You're afraid of the wrong things: What evolution made you scared of versus what actually might kill you
An evolutionary biologist explains why we’re more afraid of snakes than climate change.
Why are we more afraid of snakes than of cars? Of back-alley murder than diabetes? It's evolution. Evolution shapes bodies. It sharpens teeth and reflexes, produces natural camouflage and intimidating plumage. It also shapes minds. Just as the tick is naturally attracted to the smell of mammalian sweat, humans are born with a set of emotional orientations formed over millions of years to help us pass on our genes.
But with such rapid industrial and technological advances, our evolutionary feels haven't had the chance to catch up. Humankind did most of its evolving in primeval grasslands. Our current environment and circumstances are quite different, so our instinctive fears are not especially well-attuned to the things that actually pose the greatest threats. Gordon Orians is a professor emeritus of biology at the University of Washington and author of Snakes, Sunrises, and Shakespeare. We reached out to him to find out how modern humans inherited an innate sense of fear that is deeply shaped by the things that commonly killed our ancestors and to compare those threats to the things that are much more likely to actually kill us now.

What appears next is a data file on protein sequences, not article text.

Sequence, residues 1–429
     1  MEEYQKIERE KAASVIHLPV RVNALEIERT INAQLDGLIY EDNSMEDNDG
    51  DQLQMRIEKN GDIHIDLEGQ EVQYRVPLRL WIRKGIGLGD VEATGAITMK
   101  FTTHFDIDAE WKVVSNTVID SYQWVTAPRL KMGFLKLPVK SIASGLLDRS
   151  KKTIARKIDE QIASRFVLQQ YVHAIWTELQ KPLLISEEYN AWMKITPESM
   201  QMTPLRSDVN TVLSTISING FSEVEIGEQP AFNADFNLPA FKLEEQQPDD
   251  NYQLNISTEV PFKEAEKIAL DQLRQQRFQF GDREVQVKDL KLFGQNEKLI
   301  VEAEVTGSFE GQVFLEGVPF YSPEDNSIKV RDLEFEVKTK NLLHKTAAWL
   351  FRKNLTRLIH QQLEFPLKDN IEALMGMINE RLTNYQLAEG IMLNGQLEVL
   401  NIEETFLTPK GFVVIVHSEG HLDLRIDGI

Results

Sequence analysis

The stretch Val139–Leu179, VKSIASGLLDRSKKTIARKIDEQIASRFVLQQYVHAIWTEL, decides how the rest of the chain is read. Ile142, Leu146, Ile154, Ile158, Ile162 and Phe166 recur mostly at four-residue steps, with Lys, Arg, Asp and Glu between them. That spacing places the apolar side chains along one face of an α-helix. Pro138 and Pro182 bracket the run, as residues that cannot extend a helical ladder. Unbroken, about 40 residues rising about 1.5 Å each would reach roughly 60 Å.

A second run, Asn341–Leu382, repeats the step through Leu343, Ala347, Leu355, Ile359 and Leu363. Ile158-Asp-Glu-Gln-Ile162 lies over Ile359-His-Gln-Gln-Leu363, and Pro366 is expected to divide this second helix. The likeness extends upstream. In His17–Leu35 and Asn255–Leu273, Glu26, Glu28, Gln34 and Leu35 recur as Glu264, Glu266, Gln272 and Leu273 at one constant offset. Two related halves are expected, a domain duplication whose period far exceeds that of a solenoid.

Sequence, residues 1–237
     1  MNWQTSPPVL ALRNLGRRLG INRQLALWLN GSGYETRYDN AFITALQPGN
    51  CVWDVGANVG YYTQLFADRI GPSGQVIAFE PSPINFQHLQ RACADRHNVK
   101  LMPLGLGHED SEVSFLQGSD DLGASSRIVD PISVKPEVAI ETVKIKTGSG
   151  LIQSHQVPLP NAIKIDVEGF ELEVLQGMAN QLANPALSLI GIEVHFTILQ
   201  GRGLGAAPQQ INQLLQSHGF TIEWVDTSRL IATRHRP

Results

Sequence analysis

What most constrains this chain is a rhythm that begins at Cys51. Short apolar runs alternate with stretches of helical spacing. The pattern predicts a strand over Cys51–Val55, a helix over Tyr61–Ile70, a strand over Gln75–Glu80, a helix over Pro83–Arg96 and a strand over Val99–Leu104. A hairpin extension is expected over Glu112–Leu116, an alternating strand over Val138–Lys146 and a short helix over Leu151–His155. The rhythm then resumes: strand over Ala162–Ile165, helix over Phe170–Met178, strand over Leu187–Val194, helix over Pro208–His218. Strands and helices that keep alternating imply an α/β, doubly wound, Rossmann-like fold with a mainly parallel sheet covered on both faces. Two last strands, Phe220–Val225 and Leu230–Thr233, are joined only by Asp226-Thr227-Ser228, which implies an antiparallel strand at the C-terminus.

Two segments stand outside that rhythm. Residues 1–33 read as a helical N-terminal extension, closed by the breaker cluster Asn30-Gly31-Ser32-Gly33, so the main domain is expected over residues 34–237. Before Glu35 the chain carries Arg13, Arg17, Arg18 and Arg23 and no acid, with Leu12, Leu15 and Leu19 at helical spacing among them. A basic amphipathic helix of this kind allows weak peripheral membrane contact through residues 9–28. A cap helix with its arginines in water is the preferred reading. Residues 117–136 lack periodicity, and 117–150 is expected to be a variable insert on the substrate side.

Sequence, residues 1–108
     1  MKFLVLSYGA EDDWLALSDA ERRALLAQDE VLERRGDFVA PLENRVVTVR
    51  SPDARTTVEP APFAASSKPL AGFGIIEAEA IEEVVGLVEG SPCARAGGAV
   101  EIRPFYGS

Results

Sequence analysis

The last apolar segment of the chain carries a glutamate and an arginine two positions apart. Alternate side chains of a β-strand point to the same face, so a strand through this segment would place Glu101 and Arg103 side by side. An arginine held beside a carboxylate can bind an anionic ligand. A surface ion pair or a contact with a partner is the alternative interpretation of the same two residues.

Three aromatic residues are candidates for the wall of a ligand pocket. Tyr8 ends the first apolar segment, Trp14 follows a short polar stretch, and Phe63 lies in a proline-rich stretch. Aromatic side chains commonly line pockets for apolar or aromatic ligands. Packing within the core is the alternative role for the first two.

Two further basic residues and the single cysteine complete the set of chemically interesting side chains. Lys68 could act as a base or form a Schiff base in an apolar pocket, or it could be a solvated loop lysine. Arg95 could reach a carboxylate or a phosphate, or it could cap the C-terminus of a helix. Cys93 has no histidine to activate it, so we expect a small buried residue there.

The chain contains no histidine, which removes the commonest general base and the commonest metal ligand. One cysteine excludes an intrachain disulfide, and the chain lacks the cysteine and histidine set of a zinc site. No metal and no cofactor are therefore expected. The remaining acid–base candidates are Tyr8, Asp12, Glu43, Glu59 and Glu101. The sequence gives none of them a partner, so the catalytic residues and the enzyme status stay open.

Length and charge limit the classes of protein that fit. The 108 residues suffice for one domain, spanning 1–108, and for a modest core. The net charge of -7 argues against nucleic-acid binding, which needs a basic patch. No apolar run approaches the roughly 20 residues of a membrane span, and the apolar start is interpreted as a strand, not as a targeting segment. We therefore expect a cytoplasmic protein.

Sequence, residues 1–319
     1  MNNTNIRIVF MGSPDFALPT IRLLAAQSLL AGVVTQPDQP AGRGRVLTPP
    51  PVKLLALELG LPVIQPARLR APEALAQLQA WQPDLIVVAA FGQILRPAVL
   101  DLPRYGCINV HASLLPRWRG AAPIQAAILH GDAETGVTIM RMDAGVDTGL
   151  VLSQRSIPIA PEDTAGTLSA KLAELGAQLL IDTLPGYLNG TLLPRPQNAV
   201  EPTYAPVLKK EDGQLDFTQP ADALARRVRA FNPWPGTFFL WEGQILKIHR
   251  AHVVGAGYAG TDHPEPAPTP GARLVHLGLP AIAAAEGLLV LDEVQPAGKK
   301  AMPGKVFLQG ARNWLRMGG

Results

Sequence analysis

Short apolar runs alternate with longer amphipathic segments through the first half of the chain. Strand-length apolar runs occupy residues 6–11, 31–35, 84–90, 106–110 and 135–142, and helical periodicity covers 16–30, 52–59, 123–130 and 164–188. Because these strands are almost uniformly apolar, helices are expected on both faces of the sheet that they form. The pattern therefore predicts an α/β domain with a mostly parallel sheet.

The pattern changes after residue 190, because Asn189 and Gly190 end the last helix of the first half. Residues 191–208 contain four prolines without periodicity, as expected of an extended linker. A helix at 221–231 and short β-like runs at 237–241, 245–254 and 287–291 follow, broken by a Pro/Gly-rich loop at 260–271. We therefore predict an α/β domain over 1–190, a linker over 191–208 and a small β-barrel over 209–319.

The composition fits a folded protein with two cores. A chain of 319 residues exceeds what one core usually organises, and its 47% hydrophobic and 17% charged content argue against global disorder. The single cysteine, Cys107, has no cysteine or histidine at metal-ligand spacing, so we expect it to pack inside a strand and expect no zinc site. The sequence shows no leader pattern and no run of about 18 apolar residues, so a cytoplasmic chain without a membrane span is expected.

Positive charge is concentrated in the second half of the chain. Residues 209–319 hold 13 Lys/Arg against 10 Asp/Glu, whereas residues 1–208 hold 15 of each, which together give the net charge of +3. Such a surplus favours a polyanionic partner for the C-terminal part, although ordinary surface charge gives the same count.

If something kills you over and over again for thousands of generations, evolution will select for any instinct or behaviour that motivates you to spot and avoid that thing.
Take the example of snakes. Snakes are primates' oldest predators. They've been killing people since before people were people. And this long and unpleasant experience has yielded long-lasting changes to our genes. Our vision has evolved to spot their shape and patterns against even before we're consciously aware of them and our neurons activate a fearful reaction. Startling at the sight of a snake, is a nearly universal human response seen even in even babies. And we're not alone in this. In his book, Orians explains that both lab-raised primates and North American ground squirrels with no previous exposure to snakes nonetheless react very strongly to them. Of course, these legless reptiles aren't our only innate fear. We've inherited a deep emotional connection to a lot of the main causes of death of our ancestors.
Here's a short list of some things that evolution has made us afraid of along with some things that, empirically speaking, are more likely to finish us off.
What evolution makes you scared of versus what might actually kill you
Evolution makes you scared of: Animals. We're naturally attuned to the dangers posed by animals, especially our natural predators. Snakes are a major one, but humans are also instinctively afraid of spiders, hunting cats, and herbivorous animals that may have posed a danger. Just trying to avoid getting hurt by these animals has shaped our instincts and physical senses.
What actually kills you: Cars. There were 300 reported snake bites in Canada last year, with zero resulting deaths. By comparison, there were about 160 000 traffic accidents in Canada in 2016, killing nearly 2000 people. Yet we board these death traps with blithe confidence. Orians himself has tried and failed to emotionally assimilate the danger posed by auto travel: "Probably the most dangerous thing I've done in my life is drive a car. And I've tried, when I get behind the wheel, to make myself aware of that and I just can't do it. I get into the car, turn on the ignition, and I'm emotionally on a power trip, not afraid."